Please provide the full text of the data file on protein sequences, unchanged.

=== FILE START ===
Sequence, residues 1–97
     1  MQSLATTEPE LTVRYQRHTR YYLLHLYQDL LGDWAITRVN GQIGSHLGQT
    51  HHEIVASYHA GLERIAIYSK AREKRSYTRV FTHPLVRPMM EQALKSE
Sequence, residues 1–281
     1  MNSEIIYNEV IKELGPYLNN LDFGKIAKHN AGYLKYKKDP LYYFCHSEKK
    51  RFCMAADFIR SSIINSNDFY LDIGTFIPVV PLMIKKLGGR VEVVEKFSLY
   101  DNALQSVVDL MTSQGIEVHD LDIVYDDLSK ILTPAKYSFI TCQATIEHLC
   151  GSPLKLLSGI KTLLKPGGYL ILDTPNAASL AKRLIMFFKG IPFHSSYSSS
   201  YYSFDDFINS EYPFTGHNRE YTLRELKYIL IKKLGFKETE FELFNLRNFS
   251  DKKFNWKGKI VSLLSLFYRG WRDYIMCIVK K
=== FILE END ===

Sequence, residues 1–97
     1  MQSLATTEPE LTVRYQRHTR YYLLHLYQDL LGDWAITRVN GQIGSHLGQT
    51  HHEIVASYHA GLERIAIYSK AREKRSYTRV FTHPLVRPMM EQALKSE
Sequence, residues 1–281
     1  MNSEIIYNEV IKELGPYLNN LDFGKIAKHN AGYLKYKKDP LYYFCHSEKK
    51  RFCMAADFIR SSIINSNDFY LDIGTFIPVV PLMIKKLGGR VEVVEKFSLY
   101  DNALQSVVDL MTSQGIEVHD LDIVYDDLSK ILTPAKYSFI TCQATIEHLC
   151  GSPLKLLSGI KTLLKPGGYL ILDTPNAASL AKRLIMFFKG IPFHSSYSSS
   201  YYSFDDFINS EYPFTGHNRE YTLRELKYIL IKKLGFKETE FELFNLRNFS
   251  DKKFNWKGKI VSLLSLFYRG WRDYIMCIVK K